Phillips Lot 234 estimate (white dial): $30,000 to $50,000
Sotheby’s Lot 406 estimate: $20,000 to $30,000
Audemars Piguet Royal Oak Ref. 5402 (Phillips)
This is an original A Series Royal Oak from the early 1970s, in amazingly sharp condition. A grail to many, this is as good an example as you’ll find for offer nowadays. Sotheby’s also has an A Series on offer this season.
Estimate: $40,000 to $80,000
Patek Phillipe Calatrava Ref. 2526 (Christie’s)
Just one of the most handsome dress watches ever made, featuring Patek’s first automatic movement, in 18k pink gold. Most reference 2526s were made in yellow gold, with less made in pink gold, and a very select few made in platinum and white gold.
Estimate: $50,000 to $100,000
Cartier Tank Etanche (with provenance) (Phillips)
This beautiful yellow gold Cartier Tank originally comes from the prolific collection of American socialite Barbara Hutton (also known for being married to Cary Grant at one point, one of her seven marriages). This watch ended up in the hands of another of her husbands, Count Haugwitz-Reventlow. This Tank is especially notable for having a waterproof rectangular case, a particularly challenging design feat.
Estimate: $70,000 to $140,000
Rolex Submariner Ref. 6538 ‘Big Crown’ (Sotheby’s)
We highlighted the Small Crown Submariner above, but that watch often falls in the shadow of this reference, perhaps the most iconic of Submariners. Sean Connery wore it in classic Bond films “Dr. No”, “From Russia with Love”, “Goldfinger” and “Thunderball”. In addition, this reference was only produced from 1956 to 1959. Of course, the watch is most noted for its large, 8mm Brevet crown.
Estimate: $150,000 to $300,000
Phillipe Dufour Simplicity (Phillips)
Perhaps the perfect modern dress watch, this white gold example bears movement number 23, and was finished in 2002, making it one of the earlier examples from Dufour, perhaps the preeminent independent modern watcher.
Estimate: $150,000 to $300,000
Rolex Submariner Ref. 6200 (Christie’s)
A Submariner from 1954 featuring a 3-6-9 Explorer dial. Only 300 reference 6200s were manufactured to begin with, and this is the first to be discovered with a dial featuring both the white printed model name (“Submariner”) and the depth rating (“200m = 600ft”). It’s also one of the few with a chronometer-certified movement.
Estimate: $250,000 to $350,000
Rolex Daytona Ref. 6241 18k Gold ‘Paul Newman” (Christie’s)
Not much to say here except, “damn.” A Ref 6241 pump pusher example, 18k gold case and champagne dial. It’s one of the top lots in Christie’s auction, and for good reason.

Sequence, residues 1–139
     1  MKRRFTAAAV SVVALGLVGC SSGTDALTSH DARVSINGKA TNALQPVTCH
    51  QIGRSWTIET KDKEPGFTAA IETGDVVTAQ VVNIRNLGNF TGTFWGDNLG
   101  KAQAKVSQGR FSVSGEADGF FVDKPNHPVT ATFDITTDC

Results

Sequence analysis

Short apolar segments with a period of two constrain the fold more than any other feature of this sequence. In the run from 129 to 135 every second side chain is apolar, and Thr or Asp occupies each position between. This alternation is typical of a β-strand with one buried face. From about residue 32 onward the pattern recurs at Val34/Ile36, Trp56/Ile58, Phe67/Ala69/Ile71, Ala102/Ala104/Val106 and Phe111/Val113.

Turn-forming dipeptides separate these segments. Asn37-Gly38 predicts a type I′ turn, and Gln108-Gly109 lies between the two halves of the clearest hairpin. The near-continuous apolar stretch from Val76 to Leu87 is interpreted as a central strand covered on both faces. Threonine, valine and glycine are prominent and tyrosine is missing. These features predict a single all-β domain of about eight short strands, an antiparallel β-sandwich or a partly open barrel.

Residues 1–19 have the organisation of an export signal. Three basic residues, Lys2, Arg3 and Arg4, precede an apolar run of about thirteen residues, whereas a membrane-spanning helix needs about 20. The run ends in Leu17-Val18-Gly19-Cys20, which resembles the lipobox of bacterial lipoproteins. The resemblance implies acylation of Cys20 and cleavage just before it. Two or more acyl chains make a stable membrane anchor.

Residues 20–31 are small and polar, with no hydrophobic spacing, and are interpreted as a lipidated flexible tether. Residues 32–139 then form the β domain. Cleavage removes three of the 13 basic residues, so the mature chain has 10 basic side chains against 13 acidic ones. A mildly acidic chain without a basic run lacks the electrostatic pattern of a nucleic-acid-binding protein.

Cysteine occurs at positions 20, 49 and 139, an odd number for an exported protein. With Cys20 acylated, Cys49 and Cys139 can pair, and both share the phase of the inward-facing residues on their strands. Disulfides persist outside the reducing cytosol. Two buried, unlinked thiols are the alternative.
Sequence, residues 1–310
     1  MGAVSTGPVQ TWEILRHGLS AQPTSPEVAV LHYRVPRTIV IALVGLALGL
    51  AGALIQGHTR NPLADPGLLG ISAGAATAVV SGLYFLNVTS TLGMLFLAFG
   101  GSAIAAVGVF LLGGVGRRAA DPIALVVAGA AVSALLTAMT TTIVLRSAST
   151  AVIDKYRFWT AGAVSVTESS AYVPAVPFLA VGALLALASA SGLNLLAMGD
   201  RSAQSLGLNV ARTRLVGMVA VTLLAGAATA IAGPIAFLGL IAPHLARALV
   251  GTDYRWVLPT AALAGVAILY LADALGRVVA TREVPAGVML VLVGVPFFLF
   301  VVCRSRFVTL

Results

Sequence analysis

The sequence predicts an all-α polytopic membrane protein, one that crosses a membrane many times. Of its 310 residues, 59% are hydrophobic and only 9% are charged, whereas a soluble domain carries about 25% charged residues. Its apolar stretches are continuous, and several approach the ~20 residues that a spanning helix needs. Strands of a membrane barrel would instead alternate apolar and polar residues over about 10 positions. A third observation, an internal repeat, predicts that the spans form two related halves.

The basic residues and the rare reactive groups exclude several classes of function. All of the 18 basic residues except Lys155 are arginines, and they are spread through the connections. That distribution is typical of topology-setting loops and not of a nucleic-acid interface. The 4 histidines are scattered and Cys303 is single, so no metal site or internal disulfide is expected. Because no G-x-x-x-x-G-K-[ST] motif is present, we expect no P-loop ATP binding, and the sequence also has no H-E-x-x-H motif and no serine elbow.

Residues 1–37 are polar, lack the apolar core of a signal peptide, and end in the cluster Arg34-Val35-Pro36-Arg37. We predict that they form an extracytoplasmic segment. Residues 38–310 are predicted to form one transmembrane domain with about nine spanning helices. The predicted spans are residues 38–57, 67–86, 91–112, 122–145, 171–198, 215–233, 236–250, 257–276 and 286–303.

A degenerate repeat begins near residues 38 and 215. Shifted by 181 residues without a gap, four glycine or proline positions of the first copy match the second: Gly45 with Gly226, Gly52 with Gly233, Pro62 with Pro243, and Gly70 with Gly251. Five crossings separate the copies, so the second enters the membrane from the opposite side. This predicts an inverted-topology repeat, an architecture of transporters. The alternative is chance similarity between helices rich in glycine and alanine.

Estimate $300,000 to $500,000
Rolex Daytona Ref 6262 18k Gold (Christie’s)
The Ref. 6262 Daytona was made for only a year, so it’s already the rarest of Daytona references. Only 35 6262s were made in gold, making this the rarest of gold Daytonas. This particular example was even featured prominently in a reference book and is now coming to auction for the first time. A rare Daytona with historic provenance is a sure fire way to arrive at one of the top lots of the fall.
Estimate $340,000 to $540,000.
Patek Phillipe Ref. 1463 Stainless Steel (Phillips)
This 1940s chronograph from Patek Phillipe has come to be known as the “Tasti Tondi” for its distinctive round pushers. There are 67 known examples of the Ref. 1463 in stainless steel, and only 17 are known to have the silvered, two-tone dial that this one features. Phillips also has an 18k yellow gold Tasti Tondi up for auction at a much lower estimate.
Estimate: $300,000 to $600,000
Two Rolex Moonphases: Ref. 6062 and Ref. 8171 (Phillips)
A set of rare and complicated Rolexes from Phillips. The Ref. 6062 “Stelline” is a moonphase in an Oyster case. In a recent article for Hodinkee Magazine, Ben Clymer estimates that 1,400 Ref. 6062s were made between 1950 and 1952. The sale of the black-dial Bao Dai reference 6062 in 2017 for $5 million in 2017 has shot this reference to prominence in the collecting community.
Meanwhile, the Reference 8171 is even more of an oddity. It was manufactured during the same period as the Ref. 6062, but features a snap-on case back. Clymer estimates that only 1,200 Ref. 8171s were made. He points out the oddity of the Ref. 6062 commanding a bit of a premium on the market compared to the Ref. 8171 — that fact is further illustrated by these two lots, sitting side by side, but with the Ref. 6062’s estimate seemingly knowing no limit. Surely, the Ref. 6062 has been aided by high-profile sales like the Bao Dai, but the Ref. 8171 is worthy of attention in its own right. Considering the way people go crazy for stainless steel, don’t be surprised if the Ref. 8171 does well next month.
Ref. 6062 (pink gold): $1 million +
Ref. 8171 (stainless steel): $500,000 to $1 million
Rolex Ref. 4113 Split Seconds Chronograph (Phillips)
A rare complication from Rolex, this is a split seconds chronograph from Rolex circa 1942; only 12 are thought to have been manufactured. On top of that, it comes in a beautifully preserved stainless steel case, measuring a whopping 44mm in diameter.
Estimate: $1.5 million +
Henry Graves Minute Repeater (Christie’s)
Perhaps the watch of the season (until we get to the Marlon Brando GMT in December). It’s one of the earliest recorded examples of Patek making a minute repeater, and Henry Graves Jr. even went to Patek in Geneva himself to pick this one up; usually, Tiffany would deliver his watches in New York. It’s an 18k gold tonneau-shaped case, and pretty understated for the complicated, historically important Patek that it is.
Estimate: $3 mil to $ 5 mil
And if all else fails, shamelessly auction off a modern Rolex for 2x retail, or one of the hottest modern (non-steel) Daytonas of the year.
Click here for the full preview, with more photos of the lots.
Hodinkee Photo Report form Rolliefest 2019. Tiffany stamps, Rainbows, and even some none Rolex from the flex fest.
Christie’s on 10 Rolex references to die for, from a Ref. 6263 Daytona to a unique Ref. 1803 Day-Date.
A. Lange released a stainless steel watch. Everyone had opinions. Take a look and form your own.
Ticks & Tocks
⛄️ My own private Iceland (why tourism has never been “authentic”) (Vox). 👕 With fall around the corner, a reminder on the tragedy of common cashmere (or, why that $100 cashmere sweater is too good to be true) (Die Workwear). 🎓 Schon Horology on camera (YouTube). 😬 Are watches just an insecure guy thing (Time + Tide)? 🛌 How to tell if it’s a grail, or if you just need to take a nap (Put This On). 😂 Emojis we use the most, ranked.
In Chicago: A telltale sign of gentrification